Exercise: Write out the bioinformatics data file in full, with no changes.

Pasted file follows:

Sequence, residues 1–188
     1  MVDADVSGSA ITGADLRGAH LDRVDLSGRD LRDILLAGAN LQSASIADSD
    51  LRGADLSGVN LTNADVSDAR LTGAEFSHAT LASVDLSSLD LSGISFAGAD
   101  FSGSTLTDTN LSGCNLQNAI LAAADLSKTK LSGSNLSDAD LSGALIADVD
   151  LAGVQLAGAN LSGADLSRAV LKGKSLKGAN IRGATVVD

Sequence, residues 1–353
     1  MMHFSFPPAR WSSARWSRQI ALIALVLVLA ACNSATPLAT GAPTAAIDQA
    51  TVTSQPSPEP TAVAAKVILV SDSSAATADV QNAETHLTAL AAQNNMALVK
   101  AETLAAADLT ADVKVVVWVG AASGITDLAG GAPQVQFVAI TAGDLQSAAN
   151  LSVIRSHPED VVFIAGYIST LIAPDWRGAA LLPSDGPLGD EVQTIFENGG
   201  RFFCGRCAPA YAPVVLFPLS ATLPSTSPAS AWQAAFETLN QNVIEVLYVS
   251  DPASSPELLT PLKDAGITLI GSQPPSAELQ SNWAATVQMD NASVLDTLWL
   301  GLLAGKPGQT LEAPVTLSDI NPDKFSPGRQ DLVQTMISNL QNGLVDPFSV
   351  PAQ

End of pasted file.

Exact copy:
Sequence, residues 1–188
     1  MVDADVSGSA ITGADLRGAH LDRVDLSGRD LRDILLAGAN LQSASIADSD
    51  LRGADLSGVN LTNADVSDAR LTGAEFSHAT LASVDLSSLD LSGISFAGAD
   101  FSGSTLTDTN LSGCNLQNAI LAAADLSKTK LSGSNLSDAD LSGALIADVD
   151  LAGVQLAGAN LSGADLSRAV LKGKSLKGAN IRGATVVD

Sequence, residues 1–353
     1  MMHFSFPPAR WSSARWSRQI ALIALVLVLA ACNSATPLAT GAPTAAIDQA
    51  TVTSQPSPEP TAVAAKVILV SDSSAATADV QNAETHLTAL AAQNNMALVK
   101  AETLAAADLT ADVKVVVWVG AASGITDLAG GAPQVQFVAI TAGDLQSAAN
   151  LSVIRSHPED VVFIAGYIST LIAPDWRGAA LLPSDGPLGD EVQTIFENGG
   201  RFFCGRCAPA YAPVVLFPLS ATLPSTSPAS AWQAAFETLN QNVIEVLYVS
   251  DPASSPELLT PLKDAGITLI GSQPPSAELQ SNWAATVQMD NASVLDTLWL
   301  GLLAGKPGQT LEAPVTLSDI NPDKFSPGRQ DLVQTMISNL QNGLVDPFSV
   351  PAQ